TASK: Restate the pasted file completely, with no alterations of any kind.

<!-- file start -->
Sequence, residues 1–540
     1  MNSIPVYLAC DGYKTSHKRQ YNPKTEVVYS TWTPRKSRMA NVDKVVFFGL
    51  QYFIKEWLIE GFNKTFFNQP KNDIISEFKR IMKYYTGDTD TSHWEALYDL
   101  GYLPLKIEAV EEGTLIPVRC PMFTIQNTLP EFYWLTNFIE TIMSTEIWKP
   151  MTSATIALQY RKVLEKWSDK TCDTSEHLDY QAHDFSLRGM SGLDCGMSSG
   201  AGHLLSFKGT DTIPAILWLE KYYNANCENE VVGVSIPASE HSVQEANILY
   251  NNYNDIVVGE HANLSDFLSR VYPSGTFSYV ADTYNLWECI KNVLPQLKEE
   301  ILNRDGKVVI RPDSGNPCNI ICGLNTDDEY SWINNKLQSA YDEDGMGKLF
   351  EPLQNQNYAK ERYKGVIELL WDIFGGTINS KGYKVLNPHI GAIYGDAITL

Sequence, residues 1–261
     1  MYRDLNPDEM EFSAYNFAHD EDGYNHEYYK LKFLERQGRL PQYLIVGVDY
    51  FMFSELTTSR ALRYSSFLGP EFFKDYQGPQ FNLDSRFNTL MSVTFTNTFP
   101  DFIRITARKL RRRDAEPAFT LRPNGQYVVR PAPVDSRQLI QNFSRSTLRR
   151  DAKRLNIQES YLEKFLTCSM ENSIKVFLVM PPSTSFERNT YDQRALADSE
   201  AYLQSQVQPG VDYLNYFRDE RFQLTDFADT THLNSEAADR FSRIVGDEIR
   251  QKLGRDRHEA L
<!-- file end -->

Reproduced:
Sequence, residues 1–540
     1  MNSIPVYLAC DGYKTSHKRQ YNPKTEVVYS TWTPRKSRMA NVDKVVFFGL
    51  QYFIKEWLIE GFNKTFFNQP KNDIISEFKR IMKYYTGDTD TSHWEALYDL
   101  GYLPLKIEAV EEGTLIPVRC PMFTIQNTLP EFYWLTNFIE TIMSTEIWKP
   151  MTSATIALQY RKVLEKWSDK TCDTSEHLDY QAHDFSLRGM SGLDCGMSSG
   201  AGHLLSFKGT DTIPAILWLE KYYNANCENE VVGVSIPASE HSVQEANILY
   251  NNYNDIVVGE HANLSDFLSR VYPSGTFSYV ADTYNLWECI KNVLPQLKEE
   301  ILNRDGKVVI RPDSGNPCNI ICGLNTDDEY SWINNKLQSA YDEDGMGKLF
   351  EPLQNQNYAK ERYKGVIELL WDIFGGTINS KGYKVLNPHI GAIYGDAITL

Sequence, residues 1–261
     1  MYRDLNPDEM EFSAYNFAHD EDGYNHEYYK LKFLERQGRL PQYLIVGVDY
    51  FMFSELTTSR ALRYSSFLGP EFFKDYQGPQ FNLDSRFNTL MSVTFTNTFP
   101  DFIRITARKL RRRDAEPAFT LRPNGQYVVR PAPVDSRQLI QNFSRSTLRR
   151  DAKRLNIQES YLEKFLTCSM ENSIKVFLVM PPSTSFERNT YDQRALADSE
   201  AYLQSQVQPG VDYLNYFRDE RFQLTDFADT THLNSEAADR FSRIVGDEIR
   251  QKLGRDRHEA L